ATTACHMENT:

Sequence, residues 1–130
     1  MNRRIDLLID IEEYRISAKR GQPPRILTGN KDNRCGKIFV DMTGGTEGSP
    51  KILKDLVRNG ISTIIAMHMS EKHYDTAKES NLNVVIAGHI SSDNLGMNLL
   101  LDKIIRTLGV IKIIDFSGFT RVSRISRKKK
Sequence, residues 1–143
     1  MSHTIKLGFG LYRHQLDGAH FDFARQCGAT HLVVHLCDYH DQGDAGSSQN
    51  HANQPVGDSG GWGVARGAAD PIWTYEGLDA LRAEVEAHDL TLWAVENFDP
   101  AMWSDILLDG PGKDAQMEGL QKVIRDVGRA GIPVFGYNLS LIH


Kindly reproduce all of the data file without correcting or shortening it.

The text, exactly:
Sequence, residues 1–130
     1  MNRRIDLLID IEEYRISAKR GQPPRILTGN KDNRCGKIFV DMTGGTEGSP
    51  KILKDLVRNG ISTIIAMHMS EKHYDTAKES NLNVVIAGHI SSDNLGMNLL
   101  LDKIIRTLGV IKIIDFSGFT RVSRISRKKK
Sequence, residues 1–143
     1  MSHTIKLGFG LYRHQLDGAH FDFARQCGAT HLVVHLCDYH DQGDAGSSQN
    51  HANQPVGDSG GWGVARGAAD PIWTYEGLDA LRAEVEAHDL TLWAVENFDP
   101  AMWSDILLDG PGKDAQMEGL QKVIRDVGRA GIPVFGYNLS LIH